Why should you care about “The Great Resignation?”
According to Harvard Business Review, resignations peaked in April and have remained abnormally high for the last several months. A record-breaking 10.9 million jobs opened up at the end of July.
The pandemic changed our relationships with our jobs.
In an industry like debt collection that already struggles to hire, this is especially relevant. Luckily, four industry thought leaders sat down with us to offer their expertise on what “employee engagement” really means.
Ashley Campanella, Ken Peck, Bethany Robertson and Kim Atwell covered three ways to contribute to meaningful retention:
- The power of employee recognition and team bonding
- The power of professional development and employee investment
- The power of software that sets up your agents to be successful
TL;DR: Your employees want to know and experience a culture that values them – not just as bodies filling a seat, but as real people with unique skills. Find out what motivates them, invest in their growth, and empower them to be successful.
How have employee expectations shifted since the pandemic? (5:00)
Employees Expect Flexibility
“We’re in a time in history where it’s more challenging to find people who genuinely appreciate having employment,” said Ken Peck, SVP of Operations at Valor Intelligent Processing.
And for those who do, organizations have had to remain highly adaptable. For many, the biggest one that comes to mind is remote work. and employees have “reasonable although heightened” expectations surrounding the flexibility that their employer offers.
“There’s a great expectation of work and home life balance due to everything that’s going on outside of work and in the culture,” said Bethany Robertson, Vice President of Debt Recovery Solutions of Ohio.
Employees Expect Communication
In addition to a flexible work schedule, employees are looking for leadership who is transparent and vulnerable about what is expected of them, and what they can expect from their employer in return.
1. How Can Employee Engagement Protect You from "The Great Resignation?"
Does your employee's happiness really matter? (9:05)
“Everybody assumes throwing money at a person is what it is they want,” said Ken. “They want appreciation. They want to have that buy in.”
Employees can only be successful if they care. Their participation in human activities- for Ken’s team, this looks like dance-offs, power hours, and recognition on social media – can give you a barometer of how invested they are in your culture and success.
Staying upbeat in an industry that is notoriously stressful will give your agents the feeling of buy-in, and the confirmation that their success matters.
It will also allow you the opportunity to get to know your team on a more human level, and understand what their work life is like.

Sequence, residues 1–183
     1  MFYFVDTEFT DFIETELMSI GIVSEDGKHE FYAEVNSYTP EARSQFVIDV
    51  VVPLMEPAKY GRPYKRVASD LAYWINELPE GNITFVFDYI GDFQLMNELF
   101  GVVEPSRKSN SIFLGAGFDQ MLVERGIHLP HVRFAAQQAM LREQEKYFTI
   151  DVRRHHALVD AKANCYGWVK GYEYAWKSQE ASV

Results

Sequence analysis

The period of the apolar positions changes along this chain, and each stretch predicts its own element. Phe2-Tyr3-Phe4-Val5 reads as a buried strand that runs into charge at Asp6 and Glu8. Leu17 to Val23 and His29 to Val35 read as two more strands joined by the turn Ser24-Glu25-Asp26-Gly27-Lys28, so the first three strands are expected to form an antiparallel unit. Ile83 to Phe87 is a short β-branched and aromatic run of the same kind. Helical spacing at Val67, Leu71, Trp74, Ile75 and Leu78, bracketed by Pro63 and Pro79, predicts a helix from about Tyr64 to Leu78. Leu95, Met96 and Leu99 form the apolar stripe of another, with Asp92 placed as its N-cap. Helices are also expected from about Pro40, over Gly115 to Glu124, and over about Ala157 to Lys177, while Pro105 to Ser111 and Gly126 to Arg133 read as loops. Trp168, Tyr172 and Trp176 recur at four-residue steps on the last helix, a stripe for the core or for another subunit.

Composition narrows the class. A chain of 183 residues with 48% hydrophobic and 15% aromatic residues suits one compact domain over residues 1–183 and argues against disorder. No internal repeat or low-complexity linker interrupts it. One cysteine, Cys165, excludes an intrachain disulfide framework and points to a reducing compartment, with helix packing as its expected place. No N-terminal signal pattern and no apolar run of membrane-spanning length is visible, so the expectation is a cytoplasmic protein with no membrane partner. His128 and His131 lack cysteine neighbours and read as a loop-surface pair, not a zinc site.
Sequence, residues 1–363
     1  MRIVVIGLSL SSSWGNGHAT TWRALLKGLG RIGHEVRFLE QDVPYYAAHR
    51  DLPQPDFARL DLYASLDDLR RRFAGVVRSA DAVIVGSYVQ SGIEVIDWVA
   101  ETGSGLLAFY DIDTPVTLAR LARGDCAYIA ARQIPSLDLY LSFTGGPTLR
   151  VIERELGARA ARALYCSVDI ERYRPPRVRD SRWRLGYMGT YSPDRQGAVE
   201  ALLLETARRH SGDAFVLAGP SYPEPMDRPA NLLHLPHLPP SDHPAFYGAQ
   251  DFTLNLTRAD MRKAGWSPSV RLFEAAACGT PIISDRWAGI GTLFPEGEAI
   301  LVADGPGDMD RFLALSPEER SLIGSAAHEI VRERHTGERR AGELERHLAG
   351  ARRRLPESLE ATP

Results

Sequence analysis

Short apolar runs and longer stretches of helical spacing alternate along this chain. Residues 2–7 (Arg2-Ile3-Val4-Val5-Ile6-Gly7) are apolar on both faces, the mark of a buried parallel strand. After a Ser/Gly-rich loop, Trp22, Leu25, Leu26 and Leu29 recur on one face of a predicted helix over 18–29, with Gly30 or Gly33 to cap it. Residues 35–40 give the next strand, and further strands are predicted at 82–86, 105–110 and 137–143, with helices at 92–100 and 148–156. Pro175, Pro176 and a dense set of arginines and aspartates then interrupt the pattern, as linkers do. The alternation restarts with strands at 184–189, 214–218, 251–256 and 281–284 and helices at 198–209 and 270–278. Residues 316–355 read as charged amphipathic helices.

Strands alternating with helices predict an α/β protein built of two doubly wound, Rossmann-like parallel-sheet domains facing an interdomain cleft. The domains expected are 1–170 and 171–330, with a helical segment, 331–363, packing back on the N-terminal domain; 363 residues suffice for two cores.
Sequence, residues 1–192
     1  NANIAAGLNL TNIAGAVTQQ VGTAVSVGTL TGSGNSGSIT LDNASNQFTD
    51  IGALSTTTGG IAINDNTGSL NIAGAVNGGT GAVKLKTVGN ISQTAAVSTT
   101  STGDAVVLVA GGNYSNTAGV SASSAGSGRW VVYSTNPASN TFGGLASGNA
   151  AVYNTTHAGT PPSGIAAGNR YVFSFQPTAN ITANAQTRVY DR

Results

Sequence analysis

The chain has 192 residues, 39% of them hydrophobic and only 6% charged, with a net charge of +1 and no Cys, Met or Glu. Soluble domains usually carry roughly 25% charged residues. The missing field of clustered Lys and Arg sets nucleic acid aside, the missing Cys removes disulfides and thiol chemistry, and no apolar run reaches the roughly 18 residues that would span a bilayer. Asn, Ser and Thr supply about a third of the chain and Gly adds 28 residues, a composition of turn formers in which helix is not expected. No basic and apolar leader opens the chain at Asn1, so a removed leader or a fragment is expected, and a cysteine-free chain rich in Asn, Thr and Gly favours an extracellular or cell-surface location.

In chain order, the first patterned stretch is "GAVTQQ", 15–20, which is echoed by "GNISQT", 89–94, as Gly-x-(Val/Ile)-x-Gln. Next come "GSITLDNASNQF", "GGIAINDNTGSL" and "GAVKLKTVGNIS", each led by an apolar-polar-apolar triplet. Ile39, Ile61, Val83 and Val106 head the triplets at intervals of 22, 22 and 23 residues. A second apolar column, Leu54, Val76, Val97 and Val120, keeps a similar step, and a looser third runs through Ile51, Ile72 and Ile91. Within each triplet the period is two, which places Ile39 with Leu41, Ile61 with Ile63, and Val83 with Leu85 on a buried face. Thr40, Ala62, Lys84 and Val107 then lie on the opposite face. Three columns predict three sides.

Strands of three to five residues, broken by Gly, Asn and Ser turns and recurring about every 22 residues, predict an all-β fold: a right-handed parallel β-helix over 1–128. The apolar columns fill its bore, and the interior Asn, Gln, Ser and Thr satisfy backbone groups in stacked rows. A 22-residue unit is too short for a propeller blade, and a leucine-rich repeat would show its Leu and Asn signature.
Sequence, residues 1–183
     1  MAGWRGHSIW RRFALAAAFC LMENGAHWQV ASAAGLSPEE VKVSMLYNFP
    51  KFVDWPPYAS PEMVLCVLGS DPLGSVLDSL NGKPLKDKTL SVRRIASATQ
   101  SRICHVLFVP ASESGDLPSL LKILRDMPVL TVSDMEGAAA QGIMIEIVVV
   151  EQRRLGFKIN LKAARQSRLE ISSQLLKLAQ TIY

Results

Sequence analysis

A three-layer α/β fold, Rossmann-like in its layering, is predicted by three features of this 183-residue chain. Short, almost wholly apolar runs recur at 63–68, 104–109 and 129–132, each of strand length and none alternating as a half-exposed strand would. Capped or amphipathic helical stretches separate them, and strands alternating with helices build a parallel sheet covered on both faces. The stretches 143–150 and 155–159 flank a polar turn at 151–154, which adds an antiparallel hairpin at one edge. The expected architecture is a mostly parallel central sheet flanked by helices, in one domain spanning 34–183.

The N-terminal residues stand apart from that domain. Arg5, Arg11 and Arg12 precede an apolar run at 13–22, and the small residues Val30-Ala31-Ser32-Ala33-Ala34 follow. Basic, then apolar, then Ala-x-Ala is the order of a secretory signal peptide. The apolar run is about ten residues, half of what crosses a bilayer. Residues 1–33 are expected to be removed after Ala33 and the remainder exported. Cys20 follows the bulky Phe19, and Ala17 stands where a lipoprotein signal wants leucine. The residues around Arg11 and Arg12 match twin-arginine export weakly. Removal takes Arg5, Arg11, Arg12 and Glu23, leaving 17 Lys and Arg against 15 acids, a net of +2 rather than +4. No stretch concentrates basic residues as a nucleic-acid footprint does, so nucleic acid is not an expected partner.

As Ken puts it: “I’m not talking at them, I’m talking with them.”
Slowly but surely, Ken has seen his team come out of their shell when he engrains these activities into his culture.
Do employee engagement activities take away from revenue-generating activites? (12:23)
Ken explains how a stressful environment like a call center can quickly deflate your team’s engagement levels.
“It’s not many call centers where [agents] get more ‘yes’-es than ‘no’s,” as he puts it.
“Taking their mind off the grind” might temporarily suspend phone calls. But this opportunity to recharge and reset has two key benefits:
- It gives employees “a shot in the arm” of motivation to re-engage with their work
- It creates evangelists for your company. Your employees will become spokespeople for the positive culture you embody and word about your organization will spread. This will only lead to greater visibility, and in turn, revenue.
2. How Does Offering Professional Development Protect You from "The Great Resignation?"
What is the impact of offering professional development on retention and engagement? (15:45)
“Right now, it seems like every company out there is hiring. But do they show their potential employees that they’re more than just a body to fill a position?”
Kim Atwell shares that at DRS of Ohio, they used to have a retention problem. When they shifted their practices to creating a stronger and more capable team via professional development, it led to almost no turnover.
“[Agents] want to come to work when they know they’re valued and we’ve invested in professional development,” says Kim.
DRS created something called a Professional Growth Achievement Plan (PGA) that includes:
- Quarterly one-on-one meetings with leadership to discuss their professional growth goals
- Writing down their long-term goals
- A discussion about what they’re learning, what they want to learn, and what DRS of Ohio can do to help
As Bethany and Kim attest to, sometimes forcing someone out of their comfort zone can be painful, but it will lead to a more well-rounded and confident team in the end.
In addition to the growth of the team members, Bethany explains how it also opens up the door for more vulnerability in their one-on-one conversations. She shares her own personal goals and the conversation creates a sense of shared accountability, which their team has responded well to.
If there is no guarantee my employees will stay at my company, why should I invest in them? (21:25)
“Stop hesitating. If you’re investing in yourself, why would you withhold that from your employees?” says Bethany.